In 2011, venture capitalist Sunil Paul invented the word “cleanweb.” Just two years later, the burgeoning space already has gobbled up a huge share of the cleantech marketplace, attracting fully a quarter of all cleantech investments, says Nicholas Eisenberger, managing partner of Pure Energy Partners, a venture catalyst firm.
With total investment in cleanweb companies growing 55 percent since 2009, Eisenberg said, the trend shows no signs of slowing down. Cleanweb companies attracted $2 billion in investment through 2011, accounting for 25 percent of all VC investments in cleantech.
“Cleanweb, I want to argue, has arrived,” Eisenberger said at a recent panel discussion hosted by Clean Energy Connections New York City. “Cleanweb may be the most powerful technology during the course of our lifetime to address resource issues,” he said.
Cleanweb has evolved so rapidly that it even has its own industry association. Eisenberger created the Cleanweb Initiative “in last six to eight weeks” to serve as a networking and research organization serving the nascent sector. Broadly speaking, cleanweb involves any application or company that uses the internet address to humanity’s consumption of resources.
The area is hot with venture capitalists because, rather than investing in a traditional cleantech company working to create a new solar panel or wind turbine technology, cleanweb technology is already mature, as demonstrated by the fact that 80 percent of the world’s population has internet access, Eisenberger pointed out, and 60 percent own smartphones.
For VCs that makes cleanweb investments light on capital, and quick to begin generating revenue.
“These investments are notably less capital-intensive,” said Eisenberger, whose firm has catalyzed venture investments in cleanweb companies including Honest Buildings and Recyclebank. “The relevant thing is that they work today, so they’re quick to market.”
The word cleanweb encompasses many different types of businesses. As Eisenberger thinks of it, cleanweb companies fall into four broad categories:
1) Those that catalyze traditional cleantech. One example is SolarList, which uses satellite images to give homeowners fast, free estimates for how much it will cost to install solar panels on their roofs. This replaces the costly process of sending out human engineers to each house, vastly reducing customer acquisition costs, said Blake Burris, CEO of the Cleanweb Initiative, during the event’s panel discussion.
2) The resource cloud. This involves collaborative consumption, and any website or mobile app that encourages sharing over buying. Examples include Airbnb, which helps travelers use 66 percent less energy than if they stay in a hotel, Eisenberger said. It’s also skillsharing sites like TaskRabbit, and carsharing company ZipCar, which replaces 15 privately owned cars for every shared car on the road, Eisenberger said. Ridesharing company Lyft recently announced a $60-million round of funding led by venture firm Andreessen Horowitz, which also has placed bets recently on cleanweb companies including FlightCar and AirBnB,
3) Big data. These companies use big data to deliver efficiencies via the web. This includes WegoWise, which gathers information from utilities’ websites to deliver information to commercial real estate owners about water, electricity, gas and oil use. In May WegoWise won a $3-million investment from Boston Community Capital. Web-based utility data firm MyEnergy was purchased by smart thermostat maker Nest Labs, which recently partnered with NRG Energy to give financial incentives to customers who use Nest hardware to reduce electricity use.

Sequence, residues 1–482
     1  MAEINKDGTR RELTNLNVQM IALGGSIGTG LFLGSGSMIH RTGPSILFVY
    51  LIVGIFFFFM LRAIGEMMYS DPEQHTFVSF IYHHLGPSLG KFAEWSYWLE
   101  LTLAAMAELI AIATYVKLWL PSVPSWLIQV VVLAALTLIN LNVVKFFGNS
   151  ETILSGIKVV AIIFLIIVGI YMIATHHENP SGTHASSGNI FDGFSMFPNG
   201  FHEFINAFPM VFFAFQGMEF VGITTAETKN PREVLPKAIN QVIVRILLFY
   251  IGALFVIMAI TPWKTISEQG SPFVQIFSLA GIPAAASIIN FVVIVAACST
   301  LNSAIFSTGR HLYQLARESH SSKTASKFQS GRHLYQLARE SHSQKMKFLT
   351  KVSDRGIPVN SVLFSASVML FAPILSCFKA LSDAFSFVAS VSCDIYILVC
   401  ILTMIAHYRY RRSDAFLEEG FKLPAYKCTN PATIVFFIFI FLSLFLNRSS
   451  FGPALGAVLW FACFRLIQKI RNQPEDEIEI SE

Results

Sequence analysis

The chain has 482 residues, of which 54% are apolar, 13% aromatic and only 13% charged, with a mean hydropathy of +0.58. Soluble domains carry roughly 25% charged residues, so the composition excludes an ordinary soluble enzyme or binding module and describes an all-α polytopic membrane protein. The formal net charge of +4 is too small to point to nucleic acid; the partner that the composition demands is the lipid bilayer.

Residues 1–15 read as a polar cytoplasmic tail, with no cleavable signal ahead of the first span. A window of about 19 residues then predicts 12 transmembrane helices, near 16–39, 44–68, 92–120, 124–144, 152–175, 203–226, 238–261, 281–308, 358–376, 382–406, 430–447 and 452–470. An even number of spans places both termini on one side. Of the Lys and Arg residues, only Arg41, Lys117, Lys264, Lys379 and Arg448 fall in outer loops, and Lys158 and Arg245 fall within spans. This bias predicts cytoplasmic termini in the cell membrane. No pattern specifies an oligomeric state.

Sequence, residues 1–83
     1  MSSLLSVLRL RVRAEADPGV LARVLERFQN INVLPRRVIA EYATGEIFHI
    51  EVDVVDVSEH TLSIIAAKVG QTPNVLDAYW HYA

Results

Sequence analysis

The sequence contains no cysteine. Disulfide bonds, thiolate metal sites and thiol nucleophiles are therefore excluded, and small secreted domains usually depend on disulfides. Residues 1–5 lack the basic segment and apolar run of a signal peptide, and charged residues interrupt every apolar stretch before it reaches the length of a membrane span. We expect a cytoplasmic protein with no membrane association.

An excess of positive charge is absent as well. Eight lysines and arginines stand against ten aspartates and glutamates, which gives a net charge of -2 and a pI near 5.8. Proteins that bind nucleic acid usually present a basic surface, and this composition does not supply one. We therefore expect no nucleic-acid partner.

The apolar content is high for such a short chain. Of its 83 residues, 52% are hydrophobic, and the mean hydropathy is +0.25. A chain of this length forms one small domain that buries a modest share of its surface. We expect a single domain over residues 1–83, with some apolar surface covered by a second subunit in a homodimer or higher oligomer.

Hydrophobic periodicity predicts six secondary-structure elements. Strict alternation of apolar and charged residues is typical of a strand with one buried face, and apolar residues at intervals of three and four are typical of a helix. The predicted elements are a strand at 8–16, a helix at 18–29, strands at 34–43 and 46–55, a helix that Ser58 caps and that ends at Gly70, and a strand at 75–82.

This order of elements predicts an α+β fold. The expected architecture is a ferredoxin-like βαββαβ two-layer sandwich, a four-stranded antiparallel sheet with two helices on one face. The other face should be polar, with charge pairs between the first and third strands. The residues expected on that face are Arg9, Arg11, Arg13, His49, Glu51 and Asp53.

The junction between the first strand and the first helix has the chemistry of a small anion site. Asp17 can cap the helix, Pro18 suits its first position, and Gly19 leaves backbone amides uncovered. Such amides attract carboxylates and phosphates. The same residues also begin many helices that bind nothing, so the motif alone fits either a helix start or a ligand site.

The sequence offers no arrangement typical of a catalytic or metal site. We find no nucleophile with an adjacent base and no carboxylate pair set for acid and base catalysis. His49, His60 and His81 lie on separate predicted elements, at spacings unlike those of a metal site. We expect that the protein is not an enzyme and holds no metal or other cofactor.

4) New ideas nobody has thought of yet. As processing power grows exponentially more powerful and less expensive, “we can’t even imagine the impacts this will have on the way we live,” Eisenberger said. One example could be reaching beyond the cleanweb’s natural base of wealthy professionals to create applications for poor people in the U.S. and around the world, who will need $80 trillion worth of new housing built over the next 12 years. “If you can come up with opportunities” for low-income people, “the first move there is a massive move,” said panelist Ron Gonen, deputy commissioner of New York City’s sanitation department.
Venture investors see the opportunities, including “newcomers to the space who are just excited about the sheer magnitude of the problems that cleanewb seeks to solve,” Burris said. “And they’re not your traditional cleanweb investors.” He mentioned Terra Venture Partners, which announced in March that it will create its second fund with $50 million targeted directly at cleanweb companies.
One issue with many cleanweb opportunities is that they may be too capital-light for venture capitalists, Gonen said, since it’s hard for an investor to make much money when an entrepreneur only needs $50,000 to hire a single programmer. But that doesn’t mean a small startup now can’t become a big, venture-worthy startup later. As a bridge to gaining larger scale, Gonen suggested that entrepreneurs and VCs explore nonprofit status or funding options like FundRise, which helps people invest in development projects in their own neighborhoods, and which has attracted $800 million in crowdfunding from sources including some of the largest players in the commercial real-estate market, said Riggs Kubiak, CEO of Honest Buildings.
Another big opportunity for cleanweb investors is government contracts, especially since governments at all levels have opened their vast databases to entrepreneurs with ideas for how to mine public information. But pursuing the government market means investors must be prepared to spend a lot more money upfront.
“If it’s a federal contract, you need a full-time staff just to accommodate the RFP process,” Burris said. “It takes a person who is willing to take risks.”